A substance use disorder can prove to be enormously costly for both the worker and employer. Workers in construction, mining, and industry may be eligible for participation in an employee assistance or return-to-work program that allows them to receive affordable substance abuse treatment, followed by a structured plan to reenter the workplace. Requirements of a return-to-work program may include detox and residential rehab, family or marriage counseling, and participation in a 12-Step group, along with aftercare services such as sober housing, medication management, and ongoing therapy.
Within the accommodations and food service industries, nearly 17 percent (16.9) of workers reported that they had had a substance use disorder in the past year. Food service workers also reported the highest rates of illicit drug use in the past 30 days (19.1 percent), according to SAMHSA. High levels of stress, pressure to work fast, and relatively low wages contribute to substance abuse in this industry. In addition, employees in food services and accommodation have easy access to alcohol through their work in restaurants and bars. All these factors contribute to a working environment with a greater-than-average risk of substance abuse.
Employee assistance programs are available through some employers; however, many workers in this industry are employed on a part-time or seasonal basis, which may make it difficult for them to participate in employer-sponsored health insurance plans. For these individuals, help is available through community-based support groups, 12-Step fellowships, and rehab programs that provide treatment on a private-pay, sliding-scale basis.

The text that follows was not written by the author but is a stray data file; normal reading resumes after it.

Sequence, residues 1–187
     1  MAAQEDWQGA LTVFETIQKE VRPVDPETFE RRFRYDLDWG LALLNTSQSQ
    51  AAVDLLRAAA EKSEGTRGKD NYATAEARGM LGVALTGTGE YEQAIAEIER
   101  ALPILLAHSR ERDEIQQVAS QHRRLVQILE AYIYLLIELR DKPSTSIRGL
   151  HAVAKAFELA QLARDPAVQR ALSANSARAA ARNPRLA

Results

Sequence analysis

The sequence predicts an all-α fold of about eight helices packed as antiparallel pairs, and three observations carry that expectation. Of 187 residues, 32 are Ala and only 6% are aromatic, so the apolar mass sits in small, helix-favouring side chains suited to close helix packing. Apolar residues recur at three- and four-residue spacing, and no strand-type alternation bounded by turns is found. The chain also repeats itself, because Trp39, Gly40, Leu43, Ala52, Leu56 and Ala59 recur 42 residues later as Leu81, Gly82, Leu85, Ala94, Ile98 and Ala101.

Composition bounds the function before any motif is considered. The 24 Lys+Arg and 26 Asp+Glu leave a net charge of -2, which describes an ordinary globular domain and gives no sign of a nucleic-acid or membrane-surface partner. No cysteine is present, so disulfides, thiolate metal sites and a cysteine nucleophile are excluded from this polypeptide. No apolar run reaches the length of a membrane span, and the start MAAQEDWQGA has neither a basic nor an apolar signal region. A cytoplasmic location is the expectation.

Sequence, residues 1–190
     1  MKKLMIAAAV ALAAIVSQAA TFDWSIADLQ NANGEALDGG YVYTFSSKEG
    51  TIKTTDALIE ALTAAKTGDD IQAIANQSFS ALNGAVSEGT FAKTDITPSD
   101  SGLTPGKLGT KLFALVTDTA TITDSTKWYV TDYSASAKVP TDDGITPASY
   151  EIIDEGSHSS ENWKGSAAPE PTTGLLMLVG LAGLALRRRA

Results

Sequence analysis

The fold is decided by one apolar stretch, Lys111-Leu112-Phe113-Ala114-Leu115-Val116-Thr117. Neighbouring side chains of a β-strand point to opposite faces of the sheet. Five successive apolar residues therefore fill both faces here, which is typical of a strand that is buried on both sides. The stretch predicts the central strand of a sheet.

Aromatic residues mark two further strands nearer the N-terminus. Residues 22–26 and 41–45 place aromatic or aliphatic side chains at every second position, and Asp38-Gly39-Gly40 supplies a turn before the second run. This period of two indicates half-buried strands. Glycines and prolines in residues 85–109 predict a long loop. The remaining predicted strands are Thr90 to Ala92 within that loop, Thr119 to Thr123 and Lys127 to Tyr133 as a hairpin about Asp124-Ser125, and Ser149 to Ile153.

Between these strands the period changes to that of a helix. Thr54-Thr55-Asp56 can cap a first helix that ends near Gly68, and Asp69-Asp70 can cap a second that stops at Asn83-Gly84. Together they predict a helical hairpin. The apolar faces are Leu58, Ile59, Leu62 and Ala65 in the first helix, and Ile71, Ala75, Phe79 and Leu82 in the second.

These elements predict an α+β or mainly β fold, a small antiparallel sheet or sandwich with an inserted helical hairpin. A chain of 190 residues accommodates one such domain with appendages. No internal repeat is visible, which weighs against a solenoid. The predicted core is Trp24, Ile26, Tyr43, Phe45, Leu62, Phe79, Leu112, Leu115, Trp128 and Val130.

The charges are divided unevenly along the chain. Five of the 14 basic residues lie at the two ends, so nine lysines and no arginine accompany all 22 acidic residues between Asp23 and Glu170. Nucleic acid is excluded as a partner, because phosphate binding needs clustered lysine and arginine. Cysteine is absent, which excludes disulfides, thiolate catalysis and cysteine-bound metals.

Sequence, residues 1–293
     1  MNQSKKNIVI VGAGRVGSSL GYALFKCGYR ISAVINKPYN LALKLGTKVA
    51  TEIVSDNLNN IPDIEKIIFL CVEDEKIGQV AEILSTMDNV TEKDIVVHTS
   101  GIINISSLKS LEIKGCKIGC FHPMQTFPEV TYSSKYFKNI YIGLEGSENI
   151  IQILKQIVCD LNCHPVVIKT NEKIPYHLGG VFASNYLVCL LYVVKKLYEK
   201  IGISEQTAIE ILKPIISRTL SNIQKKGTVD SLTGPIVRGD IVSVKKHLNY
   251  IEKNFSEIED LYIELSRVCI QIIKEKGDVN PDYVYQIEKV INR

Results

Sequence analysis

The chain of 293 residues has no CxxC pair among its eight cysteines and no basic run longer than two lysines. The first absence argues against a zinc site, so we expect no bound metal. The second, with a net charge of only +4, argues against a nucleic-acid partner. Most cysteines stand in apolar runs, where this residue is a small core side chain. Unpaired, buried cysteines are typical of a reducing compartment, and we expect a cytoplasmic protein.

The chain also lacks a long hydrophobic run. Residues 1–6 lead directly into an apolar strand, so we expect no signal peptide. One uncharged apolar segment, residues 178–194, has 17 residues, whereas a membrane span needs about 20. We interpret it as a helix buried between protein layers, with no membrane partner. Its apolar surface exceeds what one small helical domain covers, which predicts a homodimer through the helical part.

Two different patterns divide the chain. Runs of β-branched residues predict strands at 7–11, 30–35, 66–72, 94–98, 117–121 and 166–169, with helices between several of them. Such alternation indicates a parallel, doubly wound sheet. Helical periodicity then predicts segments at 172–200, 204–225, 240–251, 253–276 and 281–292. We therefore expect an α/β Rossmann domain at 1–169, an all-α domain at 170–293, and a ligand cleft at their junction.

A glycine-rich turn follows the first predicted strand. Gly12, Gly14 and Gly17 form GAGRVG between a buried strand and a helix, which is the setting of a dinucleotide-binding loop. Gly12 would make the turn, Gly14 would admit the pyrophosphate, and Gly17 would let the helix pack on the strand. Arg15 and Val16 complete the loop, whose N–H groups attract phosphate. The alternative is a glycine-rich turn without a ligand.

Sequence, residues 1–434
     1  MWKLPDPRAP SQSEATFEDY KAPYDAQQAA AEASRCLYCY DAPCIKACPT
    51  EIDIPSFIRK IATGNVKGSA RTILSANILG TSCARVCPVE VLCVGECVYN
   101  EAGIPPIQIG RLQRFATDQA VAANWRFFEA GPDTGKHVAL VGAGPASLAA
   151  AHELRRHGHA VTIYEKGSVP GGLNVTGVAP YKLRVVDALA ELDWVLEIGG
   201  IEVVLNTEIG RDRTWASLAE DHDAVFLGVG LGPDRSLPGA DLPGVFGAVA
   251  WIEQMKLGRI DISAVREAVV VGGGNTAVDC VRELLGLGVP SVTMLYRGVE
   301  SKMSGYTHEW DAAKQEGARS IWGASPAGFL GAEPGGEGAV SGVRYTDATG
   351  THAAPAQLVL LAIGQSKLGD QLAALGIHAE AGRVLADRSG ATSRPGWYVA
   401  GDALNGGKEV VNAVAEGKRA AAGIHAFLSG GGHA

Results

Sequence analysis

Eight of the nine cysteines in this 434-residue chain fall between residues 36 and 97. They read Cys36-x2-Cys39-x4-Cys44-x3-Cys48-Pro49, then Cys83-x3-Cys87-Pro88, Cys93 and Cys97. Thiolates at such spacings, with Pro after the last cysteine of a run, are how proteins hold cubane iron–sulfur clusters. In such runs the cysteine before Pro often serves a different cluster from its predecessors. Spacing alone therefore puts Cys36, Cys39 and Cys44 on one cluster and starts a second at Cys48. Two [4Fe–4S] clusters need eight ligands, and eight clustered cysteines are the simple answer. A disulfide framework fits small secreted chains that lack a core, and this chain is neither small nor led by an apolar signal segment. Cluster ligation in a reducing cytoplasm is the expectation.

The disease of addiction transcends all social and economic barriers, including professional boundaries. Professionals in the world of business, finance, and law are just as vulnerable to the stressors, fears, and anxieties that lead to substance abuse as workers in any other field. Statistics from the Legal Profession Assistance Conference indicate that 15-24 percent of people who work in the legal profession abuse alcohol, and that approximately one out of every five lawyers suffers from alcoholism.
Alcoholism has a direct impact on the quality of professional practice in this profession; in fact, up to 60 percent of malpractice claims and up to 90 percent of malpractice claims can be linked to alcohol use disorders, according to the above report. Yet many of these professionals hide their substance abuse for years before they reach the point of seeking treatment. To magnify the problems caused by alcoholism or drug addiction, many legal professionals also struggle with depression, anxiety, compulsive behaviors, and suicidal impulses.
What causes the high rate of addiction in corporate and legal professionals? Here are a few of the reasons that substance abuse is so common:
Many of these professionals continue to function at a high level, hiding their substance abuse for years before they seek help. Barriers to treatment in the world of business or law — such as professional taboos against substance abuse, the demands of a high-pressure career, or fears of social and legal repercussions — may prevent them from reaching out for help.
Professional assistance programs can make it easier to overcome the social taboos against addiction and substance abuse treatment. The American Bar Association offers Lawyer Assistance Programs (LAPs) throughout the US to help attorneys with drug or alcohol addiction regain their sobriety and prevent personal and professional losses due to addiction. LAPs can provide help with the following issues, regardless of the individual’s ability to pay: